Thermal Power

29 Jan 2023

EPA Moves to Deny Coal Ash Disposal at Six Massive Coal Power Plants

29 Jan 2023  by Reuters   

The U.S. Environmental Protection Agency has proposed barring six coal-fired power plants in various states—a combined 11 GW—from disposing coal ash into unlined surface impoundments. The agency, however, also proposed to provide disposal extensions if the coal plants are needed to maintain grid reliability.

The EPA’s proposed determinations, issued on Jan. 25, fall under its Coal Combustion Residuals (CCR) Part B final rule, which it published in November 2020 as a revision to its CCR regulations under Part 257, Subpart D. The rule essentially finalized a two-step process for coal facilities with clay-lined surface impoundments to demonstrate to the agency that “based on groundwater data and the design of a particular surface impoundment, the operation of the unit has and will continue to ensure there is no reasonable probability of adverse effects to human health and the environment,” the EPA said. The plants had until Dec. 14, 2020, to submit applications, and approved facilities were given until Nov. 30, 2021, to conduct alternative liner demonstrations.

The agency ultimately received eight alternate liner demonstration applications from eight facilities with a combined 17 CCR surface impoundments. While seven facilities ultimately completed their applications, Arizona Electric Power Cooperative’s 204-MW Apache Generating Station withdrew its application.

But on Jan. 25, the EPA proposed to deny all six remaining completed applications, citing a failure to comply with CCR regulations. Among reasons the EPA cited for its proposed denials were “a failure to prove groundwater is monitored to detect and characterize any elevated levels of contaminants coming from the coal ash surface impoundment” and “evidence of potential releases from the impoundments and insufficient information to support claims that the contamination is from sources other than the impoundments.” The agency also pointed to “inadequate documentation for the design and performance of the impoundment liners” and a “failure to meet all location restrictions.”

The six coal plants include DTE Electric’s 1.3-GW Belle River Power Plant and 3.3-GW Monroe Power Plant in Michigan; Rainbow Energy Center’s 1.2-GW Coal Creek Station in North Dakota; KeyCon Operating’s 2-GW Conemaugh Generating Station in Pennsylvania; Salt River Project’s (SRP’s) 821-MW Coronado Generating Station in Arizona; and Luminant Generation’s 2.4-GW Martin Lake Steam Electric Station in Texas.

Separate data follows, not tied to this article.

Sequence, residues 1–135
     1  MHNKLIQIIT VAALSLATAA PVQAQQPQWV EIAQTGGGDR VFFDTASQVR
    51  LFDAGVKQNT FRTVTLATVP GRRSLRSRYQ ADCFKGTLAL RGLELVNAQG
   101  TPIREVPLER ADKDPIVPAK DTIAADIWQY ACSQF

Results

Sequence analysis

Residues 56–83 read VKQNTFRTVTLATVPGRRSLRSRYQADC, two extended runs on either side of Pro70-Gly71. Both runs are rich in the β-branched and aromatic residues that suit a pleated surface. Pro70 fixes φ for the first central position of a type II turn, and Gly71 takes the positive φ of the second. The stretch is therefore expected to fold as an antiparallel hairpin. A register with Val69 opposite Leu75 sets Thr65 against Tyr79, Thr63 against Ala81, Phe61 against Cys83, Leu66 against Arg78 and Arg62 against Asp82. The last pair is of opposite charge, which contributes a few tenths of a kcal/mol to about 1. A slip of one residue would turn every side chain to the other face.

“If EPA finalizes these denials, the facilities will have to either stop sending waste to these unlined impoundments or submit applications to EPA for extensions to the deadline for unlined coal ash surface impoundments to stop receiving waste,” the agency said on Wednesday. The plants will have four months from the date of a finalized ineligibility determination to apply for an alternative closure deadline. If unable to submit an alternative closure deadline, the plants must cease waste receipt at impoundments within 135 days of the EPA’s final decision.

However, in “the significant interest of maintaining grid reliability,” the EPA on Wednesday also proposed a process for the facilities “to seek additional time, if needed to address demonstrated grid reliability issues.” This process will rely “in part on reliability assessments from the relevant regional transmission organizations, ensuring a reliable supply of electricity while protecting public health,” the agency said.

The plants all serve crucial power corridors. DTE’s Belle River and Monroe plants and Rainbow Energy’s Coal Creek serve in power-strapped zones within the Midcontinent Independent System Operator, providing a combined 5.9 GW to the grid operator. Conemaugh serves in PJM Interconnection, and Martin Lake serves in the Electric Reliability Council of Texas. While Coronado is part of SRP, an independent power cooperative and does not serve a regional transmission organization, the EPA suggested the Department of Energy’s Office of Electricity will aid the EPA in evaluating Coronado’s reliability claims.

It is unclear how the determinations will affect plant operations. According to the Energy Information Administration, DTE is slated to retire the Belle River plant 2028 and is mulling the closure of Monroe that same year, while SRP plans to retire Coronado in 2032.


More News